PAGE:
Permanent Residence (PR)

To put it simply, a permanent resident is someone who Immigration Canada allows to stay in Canada permanently. They are not citizens as they usually retain citizenship in another country but do not have dual citizenship in Canada and the previously mentioned other country. There are only a few differences between permanent residents and Canadian citizens.

Permanent residents have access to healthcare and almost all other social advantages. They are free to work, study and live anywhere in Canada and are protected under the laws of the Canadian government. They can also apply for citizenship in Canada.

However permanent residents are not allowed to vote and do not have access to some very specific high security clearance jobs, usually within the government.

Newcomer permanent residents will have their PR card sent to them for free if they provide their address to the Government of Canada within their first 180 days living in Canada, if the deadline is missed, a $50 fee will be charged for the card.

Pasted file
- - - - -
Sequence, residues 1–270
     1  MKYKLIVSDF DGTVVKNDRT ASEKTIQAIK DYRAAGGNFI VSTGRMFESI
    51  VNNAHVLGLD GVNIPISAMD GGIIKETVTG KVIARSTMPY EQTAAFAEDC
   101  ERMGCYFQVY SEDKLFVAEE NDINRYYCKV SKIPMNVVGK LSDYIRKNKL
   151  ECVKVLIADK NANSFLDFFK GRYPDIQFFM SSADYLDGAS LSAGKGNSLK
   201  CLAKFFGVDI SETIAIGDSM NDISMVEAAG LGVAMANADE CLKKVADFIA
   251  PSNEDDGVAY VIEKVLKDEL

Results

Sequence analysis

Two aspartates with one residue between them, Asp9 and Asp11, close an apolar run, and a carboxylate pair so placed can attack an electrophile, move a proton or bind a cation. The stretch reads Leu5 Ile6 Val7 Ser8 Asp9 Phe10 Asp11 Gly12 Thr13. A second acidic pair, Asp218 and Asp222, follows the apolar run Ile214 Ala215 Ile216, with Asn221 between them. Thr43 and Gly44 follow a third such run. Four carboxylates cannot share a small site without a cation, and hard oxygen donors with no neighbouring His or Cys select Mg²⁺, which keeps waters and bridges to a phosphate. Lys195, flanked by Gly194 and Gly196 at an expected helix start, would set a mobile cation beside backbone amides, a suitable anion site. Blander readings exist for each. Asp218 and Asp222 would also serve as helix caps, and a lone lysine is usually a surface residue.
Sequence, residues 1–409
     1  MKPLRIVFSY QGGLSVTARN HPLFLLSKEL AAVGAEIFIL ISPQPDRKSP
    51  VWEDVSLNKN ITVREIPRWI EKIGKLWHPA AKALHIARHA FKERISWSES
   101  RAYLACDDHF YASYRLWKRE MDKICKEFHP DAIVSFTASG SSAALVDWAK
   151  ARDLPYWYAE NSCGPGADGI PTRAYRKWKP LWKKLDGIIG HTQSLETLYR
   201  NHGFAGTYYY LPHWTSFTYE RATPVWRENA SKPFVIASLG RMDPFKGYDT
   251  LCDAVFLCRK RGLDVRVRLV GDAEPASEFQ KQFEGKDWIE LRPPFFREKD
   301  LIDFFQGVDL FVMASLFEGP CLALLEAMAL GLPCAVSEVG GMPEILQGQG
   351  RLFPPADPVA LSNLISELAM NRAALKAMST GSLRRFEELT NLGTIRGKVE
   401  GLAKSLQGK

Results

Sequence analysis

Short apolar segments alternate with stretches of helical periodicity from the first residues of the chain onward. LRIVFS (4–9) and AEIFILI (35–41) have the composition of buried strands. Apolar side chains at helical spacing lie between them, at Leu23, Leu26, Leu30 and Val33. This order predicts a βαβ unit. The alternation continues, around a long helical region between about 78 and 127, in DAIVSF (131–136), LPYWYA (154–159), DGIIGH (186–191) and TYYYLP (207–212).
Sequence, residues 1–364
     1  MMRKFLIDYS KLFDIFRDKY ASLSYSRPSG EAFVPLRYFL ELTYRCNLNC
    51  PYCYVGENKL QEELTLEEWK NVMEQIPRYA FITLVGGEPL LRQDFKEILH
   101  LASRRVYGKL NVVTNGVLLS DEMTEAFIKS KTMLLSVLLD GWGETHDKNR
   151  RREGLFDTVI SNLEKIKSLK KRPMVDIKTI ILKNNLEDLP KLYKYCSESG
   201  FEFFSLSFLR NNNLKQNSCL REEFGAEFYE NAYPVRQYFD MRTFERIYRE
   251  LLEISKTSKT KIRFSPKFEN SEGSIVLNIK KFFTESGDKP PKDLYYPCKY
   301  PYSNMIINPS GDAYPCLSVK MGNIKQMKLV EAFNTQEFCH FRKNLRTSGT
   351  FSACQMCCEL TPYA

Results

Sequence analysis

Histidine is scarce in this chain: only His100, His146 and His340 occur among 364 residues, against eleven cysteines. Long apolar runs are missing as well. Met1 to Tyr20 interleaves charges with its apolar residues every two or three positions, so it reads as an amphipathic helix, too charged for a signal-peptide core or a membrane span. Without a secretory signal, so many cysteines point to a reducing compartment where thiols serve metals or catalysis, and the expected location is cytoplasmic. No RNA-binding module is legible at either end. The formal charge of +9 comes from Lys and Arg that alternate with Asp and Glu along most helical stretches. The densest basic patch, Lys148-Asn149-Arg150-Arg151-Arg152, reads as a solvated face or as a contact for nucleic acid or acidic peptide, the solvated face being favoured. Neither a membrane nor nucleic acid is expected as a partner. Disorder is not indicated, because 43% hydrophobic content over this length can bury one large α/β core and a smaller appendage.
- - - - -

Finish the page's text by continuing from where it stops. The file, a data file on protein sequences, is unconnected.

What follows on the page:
To learn all there is know about permanent residence status in Canada visit the Government of Canada’s understanding permanent resident status page.

Additional Resources

We want your arrival in Canada to be as simple and enjoyable as possible. Here are some more interesting and useful resources to make your arrival a good one.

Immigration Refugees & Citizenship Canada (IRCC) For immigrants, refugees and new arrivals. Everything you should know!

Newcomer services For those already living in Canada, find the best resources near you. Just use your postal code!

Full Pre-Arrival Checklist For those not yet living in Canada!

Full Post-Arrival List To make sure you’re off to the best start possible!

Did you find this post informative? Are you ready to move to Canada?
Contact Canadim and complete a General Immigration assessment today!

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The Canadim Team!